The neck includes important anatomical structures, such as primary blood vessels, nerves, the esophagus, the trachea, and others. Defects in the area of the neck can be a result of the removal of tumors, which are generally malignant, or injury, such as burns. Scars after surgery in this area run the risk of inhibiting neck movement, and sometime require corrective surgery.
Reconstructive surgery in this area is made possible by using local skin flaps for the purpose of repairing the scars from burns that limit movement or present a significant esthetic disturbance. These scars can be treated by stretching and the recruitment of adjacent skin. This is done by using expansion techniques on the skin proximal to the scarred area, introducing capsules (tissue expanders) under the skin during initial surgery. The capsule is left under the skin for several weeks, and expanded by the gradual injection of physiological saline solution via a special port connected to the capsule and placed under the proximal skin. In a second procedure, the capsule is removed and the expanded skin is moved to the area being treated.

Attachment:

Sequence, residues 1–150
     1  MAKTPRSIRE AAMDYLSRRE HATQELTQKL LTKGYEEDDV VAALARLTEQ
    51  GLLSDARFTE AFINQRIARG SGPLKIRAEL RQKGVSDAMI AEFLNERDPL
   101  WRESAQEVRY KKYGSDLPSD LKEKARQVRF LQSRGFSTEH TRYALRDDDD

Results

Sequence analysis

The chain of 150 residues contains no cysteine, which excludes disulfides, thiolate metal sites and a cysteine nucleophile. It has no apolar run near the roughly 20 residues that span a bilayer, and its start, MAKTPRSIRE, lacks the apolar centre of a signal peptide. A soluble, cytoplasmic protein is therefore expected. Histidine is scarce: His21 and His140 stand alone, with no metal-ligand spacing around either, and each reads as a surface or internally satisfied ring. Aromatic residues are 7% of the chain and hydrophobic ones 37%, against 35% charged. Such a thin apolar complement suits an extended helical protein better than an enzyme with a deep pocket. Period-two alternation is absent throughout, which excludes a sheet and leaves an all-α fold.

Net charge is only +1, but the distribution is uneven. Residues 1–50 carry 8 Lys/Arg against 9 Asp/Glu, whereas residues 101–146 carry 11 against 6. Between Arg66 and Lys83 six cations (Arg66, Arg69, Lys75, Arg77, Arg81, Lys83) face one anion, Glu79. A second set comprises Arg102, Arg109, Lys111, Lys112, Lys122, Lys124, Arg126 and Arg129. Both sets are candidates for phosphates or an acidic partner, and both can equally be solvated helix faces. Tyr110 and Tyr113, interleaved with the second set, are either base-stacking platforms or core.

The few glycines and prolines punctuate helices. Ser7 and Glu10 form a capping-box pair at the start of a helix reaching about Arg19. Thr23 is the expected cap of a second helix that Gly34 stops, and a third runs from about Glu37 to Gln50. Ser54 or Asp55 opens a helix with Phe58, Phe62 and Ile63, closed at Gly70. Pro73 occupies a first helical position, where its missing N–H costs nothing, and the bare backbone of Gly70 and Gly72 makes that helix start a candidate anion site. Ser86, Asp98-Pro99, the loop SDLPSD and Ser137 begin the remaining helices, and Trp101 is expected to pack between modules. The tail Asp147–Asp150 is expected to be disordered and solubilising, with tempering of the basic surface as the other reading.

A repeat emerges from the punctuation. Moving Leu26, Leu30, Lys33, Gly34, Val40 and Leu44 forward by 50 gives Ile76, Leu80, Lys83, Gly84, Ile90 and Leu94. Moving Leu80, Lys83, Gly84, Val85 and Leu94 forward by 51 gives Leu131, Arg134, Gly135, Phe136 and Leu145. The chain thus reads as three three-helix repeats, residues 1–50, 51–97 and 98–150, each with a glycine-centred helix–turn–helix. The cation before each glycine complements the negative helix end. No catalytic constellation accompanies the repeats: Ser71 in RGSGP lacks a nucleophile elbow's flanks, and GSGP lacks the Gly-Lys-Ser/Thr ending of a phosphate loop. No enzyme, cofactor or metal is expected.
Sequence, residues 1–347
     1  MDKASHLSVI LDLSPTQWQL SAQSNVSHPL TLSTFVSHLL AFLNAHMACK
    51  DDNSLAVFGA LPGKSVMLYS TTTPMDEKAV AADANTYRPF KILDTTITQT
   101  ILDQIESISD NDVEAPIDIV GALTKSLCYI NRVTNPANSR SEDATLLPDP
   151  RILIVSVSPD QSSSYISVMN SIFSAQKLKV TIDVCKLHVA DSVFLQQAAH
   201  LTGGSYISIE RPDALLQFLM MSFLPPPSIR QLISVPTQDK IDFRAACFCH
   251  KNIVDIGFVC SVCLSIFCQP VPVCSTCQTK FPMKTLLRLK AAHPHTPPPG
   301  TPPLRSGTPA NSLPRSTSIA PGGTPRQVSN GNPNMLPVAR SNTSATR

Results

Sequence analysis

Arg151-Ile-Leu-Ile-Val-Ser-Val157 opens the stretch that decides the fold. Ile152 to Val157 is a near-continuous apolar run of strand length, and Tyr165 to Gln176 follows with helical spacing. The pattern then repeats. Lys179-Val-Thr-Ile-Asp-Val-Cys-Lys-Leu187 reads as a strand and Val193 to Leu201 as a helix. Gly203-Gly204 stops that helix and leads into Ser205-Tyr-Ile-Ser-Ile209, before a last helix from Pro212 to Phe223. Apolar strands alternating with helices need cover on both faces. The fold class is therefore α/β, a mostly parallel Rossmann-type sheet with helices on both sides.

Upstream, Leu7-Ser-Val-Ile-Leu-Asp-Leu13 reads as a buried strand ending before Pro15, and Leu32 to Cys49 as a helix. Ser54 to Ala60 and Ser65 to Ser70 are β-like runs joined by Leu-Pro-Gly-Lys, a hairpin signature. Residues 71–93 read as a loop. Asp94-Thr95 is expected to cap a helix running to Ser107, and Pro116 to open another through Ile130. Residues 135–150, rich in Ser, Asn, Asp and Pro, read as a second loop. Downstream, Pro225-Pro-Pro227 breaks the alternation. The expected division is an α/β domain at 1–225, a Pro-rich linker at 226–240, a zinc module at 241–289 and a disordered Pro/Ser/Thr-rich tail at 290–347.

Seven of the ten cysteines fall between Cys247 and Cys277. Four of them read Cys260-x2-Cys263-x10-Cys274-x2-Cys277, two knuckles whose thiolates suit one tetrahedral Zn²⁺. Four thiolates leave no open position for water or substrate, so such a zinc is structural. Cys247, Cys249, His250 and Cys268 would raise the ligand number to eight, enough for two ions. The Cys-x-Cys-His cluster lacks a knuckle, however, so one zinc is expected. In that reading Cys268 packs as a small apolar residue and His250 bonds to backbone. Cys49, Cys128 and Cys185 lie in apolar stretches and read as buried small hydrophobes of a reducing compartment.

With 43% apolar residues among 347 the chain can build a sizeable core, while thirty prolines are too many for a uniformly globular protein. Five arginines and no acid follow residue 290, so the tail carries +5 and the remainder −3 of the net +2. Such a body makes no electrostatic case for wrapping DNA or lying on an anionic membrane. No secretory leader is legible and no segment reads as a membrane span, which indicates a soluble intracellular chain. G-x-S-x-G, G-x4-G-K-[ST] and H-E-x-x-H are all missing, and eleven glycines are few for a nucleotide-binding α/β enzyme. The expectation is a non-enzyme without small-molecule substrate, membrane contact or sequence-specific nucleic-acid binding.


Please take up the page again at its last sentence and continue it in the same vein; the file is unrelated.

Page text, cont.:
If the defect is larger, it is necessary to transfer flaps of muscle with or without skin from proximal areas, such as the chest or upper back. These flaps include the pectoralis major muscle and the trapezius muscle from the upper back area.
In cases where it is not possible to use flaps from the area proximal to the neck, it is necessary to transplant free flaps. These flaps are transferred together with the blood vessels supplying them, which are then connected to the recipient blood vessels in the area of the defect using microsurgical techniques. The flaps generally used are flaps of skin and fat from the area of the front of the thigh or the back, or flaps of muscle from the back.